It is straightforward to use the above definition of -measurability to see that * if is -measurable then its complement is also -measurable. The following condition is known as the "countable additivity of on measurable subsets." * if are -measurable subsets of and is empty whenever , then one has ::$\backslash mu\backslash Big(\backslash bigcup\_^\backslash infty\; A\_j\backslash Big)=\backslash sum\_^\backslash infty\backslash mu(A\_j).$ A similar proof shows that: * if are -measurable subsets of , then the union and intersection are also -measurable. The properties given here can be summarized by the following terminology: One thus has a measure space structure on , arising naturally from the specification of an outer measure on . This measure space has the additional property of Complete measure, completeness, which is contained in the following statement: * Every subset such that is -measurable. This is easy to prove by using the second property in the "alternative definition" of outer measure.Restriction and pushforward of an outer measure

Let be an outer measure on the set .Pushforward

Given another set and a map , define by :$\backslash big(f\_\backslash sharp\backslash mu\backslash big)(A)=\backslash mu\backslash big(f^(A)\backslash big).$ One can verify directly from the definitions that is an outer measure on .Restriction

Let be a subset of . Define by :$\backslash mu\_B(A)=\backslash mu(A\backslash cap\; B).$ One can check directly from the definitions that is another outer measure on .Measurability of sets relative to a pushforward or restriction

If a subset of is -measurable, then it is also -measurable for any subset of . Given a map and a subset of , if is -measurable then is -measurable. More generally, is -measurable if and only if is -measurable for every subset of .Regular outer measures

Definition of a regular outer measure

Given a set , an outer measure on is said to be regular if any subset can be approximated 'from the outside' by -measurable sets. Formally, this is requiring either of the following equivalent conditions: * for any subset of and any positive number , there exists a -measurable subset of which contains and with . * for any subset of , there exists a -measurable subset of which contains and such that . It is automatic that the second condition implies the first; the first implies the second by considering the intersection of a minimizing sequence of subsets.The regular outer measure associated to an outer measure

Given an outer measure on a set , define by :$\backslash nu(A)=\backslash inf\backslash Big\backslash .$ Then is a regular outer measure on which assigns the same measure as to all -measurable subsets of . Every -measurable subset is also -measurable, and every -measurable subset of finite -measure is also -measurable. So the measure space associated to may have a larger σ-algebra than the measure space associated to . The restrictions of and to the smaller σ-algebra are identical. The elements of the larger σ-algebra which are not contained in the smaller σ-algebra have infinite -measure and finite -measure. From this perspective, may be regarded as an extension of .Outer measure and topology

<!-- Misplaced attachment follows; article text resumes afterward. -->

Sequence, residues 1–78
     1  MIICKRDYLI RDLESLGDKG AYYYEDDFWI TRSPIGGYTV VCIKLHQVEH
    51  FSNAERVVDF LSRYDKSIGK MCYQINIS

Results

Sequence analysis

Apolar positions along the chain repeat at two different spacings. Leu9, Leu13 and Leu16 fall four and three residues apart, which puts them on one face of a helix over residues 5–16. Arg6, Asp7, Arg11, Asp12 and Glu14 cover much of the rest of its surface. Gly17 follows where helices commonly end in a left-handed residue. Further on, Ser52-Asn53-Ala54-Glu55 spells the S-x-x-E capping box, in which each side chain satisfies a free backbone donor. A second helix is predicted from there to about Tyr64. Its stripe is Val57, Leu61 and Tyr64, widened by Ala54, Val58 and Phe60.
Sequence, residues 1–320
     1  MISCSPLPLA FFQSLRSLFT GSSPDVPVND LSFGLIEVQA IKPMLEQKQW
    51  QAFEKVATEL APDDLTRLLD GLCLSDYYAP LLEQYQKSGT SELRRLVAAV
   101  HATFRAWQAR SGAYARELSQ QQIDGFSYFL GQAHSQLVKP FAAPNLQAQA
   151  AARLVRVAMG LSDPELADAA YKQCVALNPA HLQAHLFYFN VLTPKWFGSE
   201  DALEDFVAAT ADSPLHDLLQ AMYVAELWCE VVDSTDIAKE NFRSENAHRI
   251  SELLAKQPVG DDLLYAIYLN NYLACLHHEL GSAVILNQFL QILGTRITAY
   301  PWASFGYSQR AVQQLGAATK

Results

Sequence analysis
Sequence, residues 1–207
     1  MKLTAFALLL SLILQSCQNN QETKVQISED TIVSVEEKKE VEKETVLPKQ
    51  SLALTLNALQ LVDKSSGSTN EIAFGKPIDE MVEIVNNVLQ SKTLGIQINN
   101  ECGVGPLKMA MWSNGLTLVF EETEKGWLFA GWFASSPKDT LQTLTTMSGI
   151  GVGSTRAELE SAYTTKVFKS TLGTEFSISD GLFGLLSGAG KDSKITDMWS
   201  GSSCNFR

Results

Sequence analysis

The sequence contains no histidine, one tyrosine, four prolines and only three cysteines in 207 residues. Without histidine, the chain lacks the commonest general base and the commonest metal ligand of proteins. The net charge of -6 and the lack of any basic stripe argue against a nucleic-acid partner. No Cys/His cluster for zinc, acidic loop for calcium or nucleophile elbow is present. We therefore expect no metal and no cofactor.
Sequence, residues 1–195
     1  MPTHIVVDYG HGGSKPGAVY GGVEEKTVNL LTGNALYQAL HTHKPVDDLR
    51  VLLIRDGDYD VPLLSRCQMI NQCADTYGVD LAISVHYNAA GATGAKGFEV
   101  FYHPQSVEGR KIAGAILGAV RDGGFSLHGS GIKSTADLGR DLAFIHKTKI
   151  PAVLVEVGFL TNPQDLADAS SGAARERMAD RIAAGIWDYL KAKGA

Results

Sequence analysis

Suppose is a metric space and an outer measure on . If has the property that :$\backslash varphi(E\; \backslash cup\; F)\; =\; \backslash varphi(E)\; +\; \backslash varphi(F)$ whenever :$d(E,F)\; =\; \backslash inf\backslash \; >\; 0,$ then is called a metric outer measure. Theorem. If is a metric outer measure on , then every Borel subset of is -measurable. (The Borel algebra, Borel sets of are the elements of the smallest -algebra generated by the open sets.)Construction of outer measures

There are several procedures for constructing outer measures on a set. The classic Munroe reference below describes two particularly useful ones which are referred to as Method I and Method II.Method I

Let be a set, a family of subsets of which contains the empty set and a non-negative extended real valued function on which vanishes on the empty set. Theorem. Suppose the family and the function are as above and define :$\backslash varphi(E)\; =\; \backslash inf\; \backslash biggl\backslash .$ That is, the infimum extends over all sequences of elements of which cover , with the convention that the infimum is infinite if no such sequence exists. Then is an outer measure on .Method II

The second technique is more suitable for constructing outer measures on metric spaces, since it yields metric outer measures. Suppose is a metric space. As above is a family of subsets of which contains the empty set and a non-negative extended real valued function on which vanishes on the empty set. For each , let :$C\_\backslash delta=\; \backslash $ and :$\backslash varphi\_\backslash delta(E)\; =\; \backslash inf\; \backslash biggl\backslash .$ Obviously, when since the infimum is taken over a smaller class as decreases. Thus :$\backslash lim\_\; \backslash varphi\_\backslash delta(E)\; =\; \backslash varphi\_0(E)\; \backslash in\; [0,\; \backslash infty]$ exists (possibly infinite). Theorem. is a metric outer measure on . This is the construction used in the definition of Hausdorff measures for a metric space.See also

*Inner measureNotes

References

* * * * * * * {{cite book, first1=A. N., last1=Kolmogorov, authorlink1=Andrey Kolmogorov, first2=S. V., last2=Fomin, authorlink2=Sergei Fomin, title=Introductory Real Analysis, publisher=Dover Publications, location=New York, year=1970, isbn=0-486-61226-0, others=Richard A. Silverman transl., url=https://archive.org/details/introductoryreal00kolm_0External links

Outer measure

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Encyclopedia of Mathematics

Caratheodory measure

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Encyclopedia of Mathematics

Measures (measure theory)